Using data from the 2004 Workplace Employment Relations Survey of Employees, this article employs structural equation modelling in order to trace the effects of employee involvement and participation on the extent to which British workers trust reciprocally in management. The results point to a series of organizational benefits of participation, including increased job influence, a greater sense of job satisfaction and improved levels of commitment and trust in managers. However, increased job influence was paradoxically linked to lower levels of organizational commitment and trust. The findings generally confirm that employee voice is 'good' in principle for building trust, but that the effects of employee voice may work against trust development.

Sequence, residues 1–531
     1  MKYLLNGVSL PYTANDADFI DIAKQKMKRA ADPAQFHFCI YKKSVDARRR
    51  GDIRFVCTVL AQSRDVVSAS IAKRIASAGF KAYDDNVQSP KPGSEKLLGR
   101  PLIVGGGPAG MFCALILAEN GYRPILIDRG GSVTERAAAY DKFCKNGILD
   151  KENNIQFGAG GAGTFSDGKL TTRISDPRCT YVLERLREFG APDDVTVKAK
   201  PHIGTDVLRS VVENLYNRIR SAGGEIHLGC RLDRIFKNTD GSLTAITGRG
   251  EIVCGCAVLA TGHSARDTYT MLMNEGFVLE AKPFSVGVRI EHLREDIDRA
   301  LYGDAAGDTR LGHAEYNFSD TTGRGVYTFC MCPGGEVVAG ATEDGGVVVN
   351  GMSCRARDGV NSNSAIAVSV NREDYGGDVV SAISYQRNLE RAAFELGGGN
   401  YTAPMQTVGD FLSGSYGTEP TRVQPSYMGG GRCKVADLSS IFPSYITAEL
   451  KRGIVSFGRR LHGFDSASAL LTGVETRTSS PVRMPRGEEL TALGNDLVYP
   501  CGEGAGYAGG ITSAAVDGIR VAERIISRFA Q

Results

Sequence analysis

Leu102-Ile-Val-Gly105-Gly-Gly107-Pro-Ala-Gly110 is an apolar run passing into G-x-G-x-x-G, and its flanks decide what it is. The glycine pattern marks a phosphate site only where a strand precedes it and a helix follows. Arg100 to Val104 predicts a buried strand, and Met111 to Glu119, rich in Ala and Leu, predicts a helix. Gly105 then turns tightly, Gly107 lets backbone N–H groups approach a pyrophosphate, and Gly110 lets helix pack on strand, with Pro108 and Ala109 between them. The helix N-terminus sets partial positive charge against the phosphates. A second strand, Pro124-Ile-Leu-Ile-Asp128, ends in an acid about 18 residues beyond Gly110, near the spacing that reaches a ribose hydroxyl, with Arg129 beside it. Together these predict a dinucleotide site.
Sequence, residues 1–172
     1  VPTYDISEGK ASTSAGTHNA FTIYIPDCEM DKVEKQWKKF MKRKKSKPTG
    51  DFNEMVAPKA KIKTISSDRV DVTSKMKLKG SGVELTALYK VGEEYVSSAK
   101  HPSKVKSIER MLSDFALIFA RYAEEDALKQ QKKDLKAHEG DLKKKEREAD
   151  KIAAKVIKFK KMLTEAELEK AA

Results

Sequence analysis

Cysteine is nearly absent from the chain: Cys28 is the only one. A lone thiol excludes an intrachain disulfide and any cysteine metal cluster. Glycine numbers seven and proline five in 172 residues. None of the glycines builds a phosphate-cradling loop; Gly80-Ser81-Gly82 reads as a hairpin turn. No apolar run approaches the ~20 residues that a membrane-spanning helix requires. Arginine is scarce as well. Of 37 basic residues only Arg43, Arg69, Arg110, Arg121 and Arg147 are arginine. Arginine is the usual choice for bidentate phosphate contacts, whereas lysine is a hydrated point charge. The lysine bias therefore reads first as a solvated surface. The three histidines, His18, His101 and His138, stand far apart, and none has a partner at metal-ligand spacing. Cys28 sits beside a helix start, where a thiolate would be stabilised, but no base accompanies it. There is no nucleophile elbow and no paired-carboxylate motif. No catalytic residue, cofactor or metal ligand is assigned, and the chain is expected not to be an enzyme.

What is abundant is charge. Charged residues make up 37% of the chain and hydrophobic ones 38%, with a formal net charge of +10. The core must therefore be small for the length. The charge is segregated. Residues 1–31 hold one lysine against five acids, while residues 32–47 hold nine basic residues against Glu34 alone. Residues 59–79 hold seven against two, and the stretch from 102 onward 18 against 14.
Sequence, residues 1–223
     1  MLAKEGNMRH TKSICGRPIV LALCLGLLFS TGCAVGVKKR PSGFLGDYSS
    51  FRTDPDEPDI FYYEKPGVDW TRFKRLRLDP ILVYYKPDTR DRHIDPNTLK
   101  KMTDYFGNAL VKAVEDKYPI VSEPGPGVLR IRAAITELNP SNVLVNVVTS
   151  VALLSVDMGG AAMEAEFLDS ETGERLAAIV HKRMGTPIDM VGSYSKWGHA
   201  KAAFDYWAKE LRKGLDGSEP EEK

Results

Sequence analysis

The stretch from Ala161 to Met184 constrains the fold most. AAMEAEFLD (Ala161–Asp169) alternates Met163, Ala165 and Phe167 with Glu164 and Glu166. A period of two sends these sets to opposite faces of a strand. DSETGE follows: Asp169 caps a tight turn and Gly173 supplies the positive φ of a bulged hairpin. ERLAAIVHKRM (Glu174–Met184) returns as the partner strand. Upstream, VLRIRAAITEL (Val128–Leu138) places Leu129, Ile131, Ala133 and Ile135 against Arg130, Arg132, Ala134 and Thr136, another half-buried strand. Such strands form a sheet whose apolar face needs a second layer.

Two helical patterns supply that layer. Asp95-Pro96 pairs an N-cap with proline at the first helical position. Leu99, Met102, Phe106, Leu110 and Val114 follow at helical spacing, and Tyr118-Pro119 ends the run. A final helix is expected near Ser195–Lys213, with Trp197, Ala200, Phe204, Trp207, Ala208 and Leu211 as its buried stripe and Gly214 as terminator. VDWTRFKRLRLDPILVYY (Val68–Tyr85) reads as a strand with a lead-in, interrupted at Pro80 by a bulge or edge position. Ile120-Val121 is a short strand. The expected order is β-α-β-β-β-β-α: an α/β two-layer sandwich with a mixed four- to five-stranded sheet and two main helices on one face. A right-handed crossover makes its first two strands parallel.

|Number of pages||15|
|Journal||International Journal of Human Resource Management|
|Publication status||Published - Sep 2012|